rw@num.readers = -1			       
  unlock(rw@mtx)
 return(T)
}  
The writer.lock is similar to the read.lock but differs in the conditions that must exist before it can proceed. It checks to see that there are no reader threads currently accessing the data and also no writer threads currently activex in the critical section. It waits while this condition is not true using wait() after incrementing the number of waiting writers by 1. This allows a reader thread to yield control to one of these writer threads instead of accessing the data. When it gains control of the mutex lock, it indicates that there is one writer thread currently active in this section (rw@num.readers = -1).
readWriteUnlock <-
function(rw) {

 lock(rw@mtx)
  if(rw@num.readers < 0) 
     rw@num.readers = 0
  else  if( rw@num.readers == 0) { # if == 0, we are in a mess
                                   # as there should be no threads here!
    stop("UnLocking a mutex that you can't have locked!")
   }
  else
     rw@num.readers = rw@num.readers -1

  writers.waiting = (rw@waiting.writers > 0 && rw@num.readers == 0)

  unlock(rw@mtx)

 if(writers.waiting == T)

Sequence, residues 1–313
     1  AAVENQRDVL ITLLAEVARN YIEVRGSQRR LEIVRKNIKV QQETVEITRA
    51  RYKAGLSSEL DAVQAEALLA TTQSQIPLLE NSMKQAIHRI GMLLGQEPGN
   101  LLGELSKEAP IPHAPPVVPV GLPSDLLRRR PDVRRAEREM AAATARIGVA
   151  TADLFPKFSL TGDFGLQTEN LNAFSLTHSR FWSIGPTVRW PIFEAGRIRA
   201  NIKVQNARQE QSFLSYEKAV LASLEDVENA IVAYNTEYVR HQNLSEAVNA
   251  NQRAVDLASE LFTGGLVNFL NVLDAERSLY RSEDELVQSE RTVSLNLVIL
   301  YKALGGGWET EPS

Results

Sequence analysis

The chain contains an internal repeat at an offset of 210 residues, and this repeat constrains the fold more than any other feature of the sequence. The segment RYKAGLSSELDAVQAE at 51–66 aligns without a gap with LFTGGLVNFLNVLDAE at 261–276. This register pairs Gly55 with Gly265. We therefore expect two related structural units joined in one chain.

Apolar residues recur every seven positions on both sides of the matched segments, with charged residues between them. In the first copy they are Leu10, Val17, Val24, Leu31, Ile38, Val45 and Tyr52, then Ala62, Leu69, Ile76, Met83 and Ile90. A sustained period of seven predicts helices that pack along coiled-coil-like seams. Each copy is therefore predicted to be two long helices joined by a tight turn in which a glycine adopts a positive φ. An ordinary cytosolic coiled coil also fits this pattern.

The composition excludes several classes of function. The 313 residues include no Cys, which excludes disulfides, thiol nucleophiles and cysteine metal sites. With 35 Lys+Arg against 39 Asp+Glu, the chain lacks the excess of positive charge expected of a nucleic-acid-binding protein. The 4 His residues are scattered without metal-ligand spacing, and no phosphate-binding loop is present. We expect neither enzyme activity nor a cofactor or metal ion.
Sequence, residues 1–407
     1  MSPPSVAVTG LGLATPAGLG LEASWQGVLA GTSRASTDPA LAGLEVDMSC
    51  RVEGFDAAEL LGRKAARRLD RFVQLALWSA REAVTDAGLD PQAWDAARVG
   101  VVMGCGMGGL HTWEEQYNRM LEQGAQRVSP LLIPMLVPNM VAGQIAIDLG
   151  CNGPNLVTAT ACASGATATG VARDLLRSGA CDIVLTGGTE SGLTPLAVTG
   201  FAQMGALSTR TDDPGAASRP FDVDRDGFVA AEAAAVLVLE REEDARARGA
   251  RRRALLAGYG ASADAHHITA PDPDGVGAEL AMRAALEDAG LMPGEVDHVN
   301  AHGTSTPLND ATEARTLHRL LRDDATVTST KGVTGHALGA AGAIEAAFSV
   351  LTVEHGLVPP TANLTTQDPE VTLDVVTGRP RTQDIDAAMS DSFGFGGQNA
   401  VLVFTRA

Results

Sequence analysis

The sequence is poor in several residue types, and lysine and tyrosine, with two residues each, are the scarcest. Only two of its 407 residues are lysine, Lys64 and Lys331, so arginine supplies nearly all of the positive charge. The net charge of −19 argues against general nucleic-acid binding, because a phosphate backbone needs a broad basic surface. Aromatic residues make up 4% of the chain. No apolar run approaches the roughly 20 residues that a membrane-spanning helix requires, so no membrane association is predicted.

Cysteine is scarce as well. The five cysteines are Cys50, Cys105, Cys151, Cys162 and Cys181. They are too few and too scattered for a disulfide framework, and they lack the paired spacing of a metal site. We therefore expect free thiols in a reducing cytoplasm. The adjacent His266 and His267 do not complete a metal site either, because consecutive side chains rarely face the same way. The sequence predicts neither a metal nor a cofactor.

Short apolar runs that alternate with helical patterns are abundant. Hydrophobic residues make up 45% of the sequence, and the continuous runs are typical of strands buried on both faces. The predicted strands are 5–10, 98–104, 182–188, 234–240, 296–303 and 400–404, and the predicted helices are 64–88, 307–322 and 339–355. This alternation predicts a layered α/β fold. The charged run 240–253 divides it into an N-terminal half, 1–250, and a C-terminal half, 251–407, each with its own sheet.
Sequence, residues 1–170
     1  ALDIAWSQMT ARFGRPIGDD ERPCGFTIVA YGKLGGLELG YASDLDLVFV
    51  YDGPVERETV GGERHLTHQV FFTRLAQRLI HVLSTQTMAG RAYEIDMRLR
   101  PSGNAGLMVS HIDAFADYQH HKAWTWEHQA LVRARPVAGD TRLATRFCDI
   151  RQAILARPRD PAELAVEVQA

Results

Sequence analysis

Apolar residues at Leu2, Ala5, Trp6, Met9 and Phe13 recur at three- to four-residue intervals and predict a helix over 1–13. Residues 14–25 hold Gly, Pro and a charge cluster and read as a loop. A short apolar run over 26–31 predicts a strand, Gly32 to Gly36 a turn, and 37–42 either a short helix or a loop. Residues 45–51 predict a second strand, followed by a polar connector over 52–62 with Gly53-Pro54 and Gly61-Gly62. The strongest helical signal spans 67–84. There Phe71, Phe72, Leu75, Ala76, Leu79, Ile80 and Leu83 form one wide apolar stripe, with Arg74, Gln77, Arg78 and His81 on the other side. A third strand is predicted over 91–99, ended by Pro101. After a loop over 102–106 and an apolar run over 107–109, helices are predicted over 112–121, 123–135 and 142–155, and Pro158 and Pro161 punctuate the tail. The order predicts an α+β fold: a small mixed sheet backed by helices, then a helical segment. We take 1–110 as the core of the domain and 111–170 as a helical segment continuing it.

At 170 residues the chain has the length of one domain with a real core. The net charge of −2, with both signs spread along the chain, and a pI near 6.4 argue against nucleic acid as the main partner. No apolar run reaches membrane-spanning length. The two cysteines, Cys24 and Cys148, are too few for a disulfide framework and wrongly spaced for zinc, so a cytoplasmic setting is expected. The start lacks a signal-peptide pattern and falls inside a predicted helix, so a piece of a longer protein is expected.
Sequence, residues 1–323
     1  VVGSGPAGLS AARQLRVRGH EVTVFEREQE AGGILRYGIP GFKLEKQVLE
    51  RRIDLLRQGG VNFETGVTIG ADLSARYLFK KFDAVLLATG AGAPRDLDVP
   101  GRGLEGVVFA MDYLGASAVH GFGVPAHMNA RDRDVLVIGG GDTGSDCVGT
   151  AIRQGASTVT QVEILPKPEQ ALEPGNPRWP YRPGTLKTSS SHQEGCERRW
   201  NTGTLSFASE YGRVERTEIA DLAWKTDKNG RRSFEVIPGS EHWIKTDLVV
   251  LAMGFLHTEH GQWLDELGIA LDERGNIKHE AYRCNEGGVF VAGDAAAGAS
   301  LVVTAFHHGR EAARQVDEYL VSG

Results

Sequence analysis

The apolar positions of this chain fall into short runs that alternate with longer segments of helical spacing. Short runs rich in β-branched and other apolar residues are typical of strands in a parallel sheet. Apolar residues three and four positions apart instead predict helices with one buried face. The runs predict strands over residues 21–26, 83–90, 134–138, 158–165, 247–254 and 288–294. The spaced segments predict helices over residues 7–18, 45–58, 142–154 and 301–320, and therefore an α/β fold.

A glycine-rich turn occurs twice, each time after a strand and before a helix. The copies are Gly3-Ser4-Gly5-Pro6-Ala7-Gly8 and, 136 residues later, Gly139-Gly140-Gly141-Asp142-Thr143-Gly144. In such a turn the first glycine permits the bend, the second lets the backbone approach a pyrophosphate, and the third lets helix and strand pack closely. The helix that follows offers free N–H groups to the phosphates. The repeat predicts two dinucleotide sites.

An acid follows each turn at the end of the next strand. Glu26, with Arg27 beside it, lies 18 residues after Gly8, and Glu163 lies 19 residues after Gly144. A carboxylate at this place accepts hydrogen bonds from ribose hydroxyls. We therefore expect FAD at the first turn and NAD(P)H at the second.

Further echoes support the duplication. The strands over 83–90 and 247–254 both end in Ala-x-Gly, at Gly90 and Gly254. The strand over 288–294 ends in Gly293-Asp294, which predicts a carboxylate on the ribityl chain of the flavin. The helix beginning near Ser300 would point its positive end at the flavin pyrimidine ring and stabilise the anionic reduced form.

signal(rw@writer.condVar, rw@mtx)
 else
    broadcast(rw@reader.condVar, rw@mtx)

 return(T)
}
This function takes care of decrementing the number of threads of this type (reader or writer) currently active and announces its completion in this critical section to the other interested threads. If this is a reader thread (rw@num.readers > 0), then we decrement the number of reader threads currently active. If this is a writer thread, we change the number of writer threads to 0. Next we determine whether there are any writer threads waiting and it is possible for them to proceed. If this is the case, we arrange to wake one of them using signal. If this is not the case, we announce to other reader threads that they can proceed because we have given up the mutex lock.
Clearly these functions can be extended to produce an equivalent tryLock functions and a destroy method for readWriteLock.


Last modified: Tue Feb 11 17:35:00 1997